The Balearic & Tyrrhenian Seas

ferry fun

After spending two full days somewhere, I start putting serious thought into what the next town will be. Then it’s time to check flights everywhere, train schedules or, as was the case in Barcelona, the ferry schedule to North Africa or Rome. The following evening, I was boarding a huge ferry boat/small cruise ship at midnight. The trip would take nearly 24-hours and head first to Porto Torres on the north coast of Sardinia (Italy) – providing stunning views of Corsica (France). We’d then head along Sardinia’s eastern coastline and dart toward the town of Civitavecchia, just north of Rome. 

Back in Barcelona, at the Grimaldi port, I’d met a kid named Jaron while we both tried to figure out where the hell we were supposed to be. Try finding the right passport line while you’re shoulder-to-shoulder with one culture of people that doesn’t queue for anything and another that thinks it’s cool to leave the line and come back an hour later to their same spot. I quickly learned two things: Jaron speaks five languages fluently and he plays chess. I’d been traveling with a chess set and hadn’t had many chances to play and fluency in five languages could be a bit more beneficial than my none. We became friends. 

It was my first time on a large ferry boat as evidenced by my calling it a ferry boat. Evidently, the expert travelers call it a “ferry.” They’re truly bizarre, especially this particular Grimaldi vessel. Labyrinth-like staircases came from and led to everywhere, often nowhere. The lobby area was tiny and the Pullman Chair Theater was dark and ominous. This was normally where movies were shown, with thick, comfortable leather-ish chairs. But there would be no film on this voyage, for some reason. Luckily, I had reserved a Pullman Chair, the poor man’s version of a cabin. Jaron had not but said it wasn’t necessary, you could pretty much come and go from this room as you please. Awesome. 

And people did come and go as they pleased. A young hippie couple from Scandinavia – based solely on their looks – pretty much made sweet, sweet love the whole time on the floor at the front of the theater. A mother traveling with three children let them know what she thought of that, which was fun to watch. I’d decided that the Pullman deal wasn’t much of one and spent just about the entire voyage on the deck with the painters, photographers and drug-infested raver types who probably thought we were headed for Ibiza.

[Scandinavian, based on their looks = white hair, sturdy frames and the only flags NOT sewn to their backpacks were those of Scandinavia. Oh, and they were speaking Swedish, according to Jaron. Sweden’s in Scandinavia.)

Jaron would pop up every couple-few hours and see what I was up to. On his final check-in, I had the chessboard out. This German kid, who speaks five languages and is already studying Electrical Engineering, wiped the board with me. Every single time. Saved by the bell, I put the board away – we were pulling into Sardinia’s Grimaldi port. I wanted to watch this; the semi trucks, tourist rental cars and walking individuals would disembark.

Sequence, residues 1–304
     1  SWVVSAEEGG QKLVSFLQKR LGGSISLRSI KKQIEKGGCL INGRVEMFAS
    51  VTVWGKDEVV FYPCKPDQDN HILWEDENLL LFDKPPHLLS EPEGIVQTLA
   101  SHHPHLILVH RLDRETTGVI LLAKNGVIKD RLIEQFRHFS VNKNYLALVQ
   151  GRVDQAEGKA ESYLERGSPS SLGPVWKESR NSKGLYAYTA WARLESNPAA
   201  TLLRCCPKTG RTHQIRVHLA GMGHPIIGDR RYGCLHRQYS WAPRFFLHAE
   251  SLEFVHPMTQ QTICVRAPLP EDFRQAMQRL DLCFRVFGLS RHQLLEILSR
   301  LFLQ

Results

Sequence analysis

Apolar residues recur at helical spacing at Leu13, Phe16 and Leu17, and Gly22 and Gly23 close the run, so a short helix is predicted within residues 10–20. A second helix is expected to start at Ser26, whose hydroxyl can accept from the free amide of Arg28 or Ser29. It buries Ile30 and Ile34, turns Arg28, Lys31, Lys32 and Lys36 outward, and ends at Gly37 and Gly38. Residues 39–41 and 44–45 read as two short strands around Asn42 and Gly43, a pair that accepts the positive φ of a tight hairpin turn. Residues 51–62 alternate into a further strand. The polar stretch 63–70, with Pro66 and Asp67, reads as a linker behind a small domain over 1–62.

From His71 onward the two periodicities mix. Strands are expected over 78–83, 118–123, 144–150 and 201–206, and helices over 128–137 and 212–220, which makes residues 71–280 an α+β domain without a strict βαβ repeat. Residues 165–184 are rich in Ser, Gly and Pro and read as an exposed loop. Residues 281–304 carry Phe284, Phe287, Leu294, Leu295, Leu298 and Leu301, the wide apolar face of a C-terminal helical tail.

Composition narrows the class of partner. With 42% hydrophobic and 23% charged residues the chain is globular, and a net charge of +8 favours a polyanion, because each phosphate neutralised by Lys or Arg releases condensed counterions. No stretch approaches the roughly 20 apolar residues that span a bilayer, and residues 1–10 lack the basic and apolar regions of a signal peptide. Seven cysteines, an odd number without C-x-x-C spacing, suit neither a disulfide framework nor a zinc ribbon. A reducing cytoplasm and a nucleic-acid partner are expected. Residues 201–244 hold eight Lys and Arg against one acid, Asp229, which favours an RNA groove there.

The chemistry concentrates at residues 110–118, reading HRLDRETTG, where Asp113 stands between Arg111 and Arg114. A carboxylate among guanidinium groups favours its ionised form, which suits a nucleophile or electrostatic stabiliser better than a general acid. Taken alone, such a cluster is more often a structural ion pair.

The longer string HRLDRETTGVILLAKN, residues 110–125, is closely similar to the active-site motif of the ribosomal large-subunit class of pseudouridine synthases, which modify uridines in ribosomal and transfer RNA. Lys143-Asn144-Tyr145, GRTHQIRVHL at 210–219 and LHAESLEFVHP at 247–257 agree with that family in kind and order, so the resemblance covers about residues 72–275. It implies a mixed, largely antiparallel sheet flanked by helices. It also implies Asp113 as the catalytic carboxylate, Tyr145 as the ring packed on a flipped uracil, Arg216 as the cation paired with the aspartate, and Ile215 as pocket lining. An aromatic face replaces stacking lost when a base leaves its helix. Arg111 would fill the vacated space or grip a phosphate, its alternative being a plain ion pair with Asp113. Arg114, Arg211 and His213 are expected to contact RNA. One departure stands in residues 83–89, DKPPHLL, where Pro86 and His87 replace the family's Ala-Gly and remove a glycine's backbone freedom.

It was close to noon so this leg of the trip had taken approximately 12 hours. Only 10 more hours to go. For a grand total of 22 hours on the illustrious Grimaldi Emerald of the Sea or whatever it was called. 

Now the party really started. Here came gigantic portable speakers, a DJ, extra bartenders and swimming pool patrons. The music began, the DJ bounced to it, folks from all over the world now meandered about the deck, some checking out the starboard, inhabited side – others, the port, crystal water side. Occasionally you’d hear a group ooooh and aaaah as bottlenose dolphins performed their collective acrobatics. 

Dozens of southern-European men gathered around the pool – decked out in gold chains, sunglasses and the obligatory animal-skin-Speedos. Yes, the kind that made their midriffs look like Richard Simmons wearing a golf visor. The deck pool was maybe five-feet by 9-feet and somehow drew a crowd of a hundred or so. It looked remarkably uncomfortable, sweaty and gross, then again, we Americans are used to personal space. 

[Update: with the exception of Texans and Floridians during a pandemic, then we tend to gather in tight, unmasked groups.Which can also be sweaty and gross and lethal.]

I’d gotten a beer and grabbed a table in the July Meditterranian sun. Moments later, Jaron sat down with two fresh ones. “Where in the hell did you get beer?” I inquired. “International waters,” he said. It made me and still makes me chuckle then very, very concerned every time I think of it. What the hell else are people getting away with on “international water?” Then I wondered out loud, “What if someone else wonders where you got the beer and asks me if I bought it?” He, Jaron, once again was quick to reply, “In that case, you’re my dad. I’m legally allowed to drink with my dad anywhere in Europe.” 

I was satisfied-ish. Still not sure if either reply was true and I’m scared to look it up as I’m also unfamiliar with the statute of limitations on ‘endangering a minor’ or whatever I was complicit in and my aunt could still go to jail for.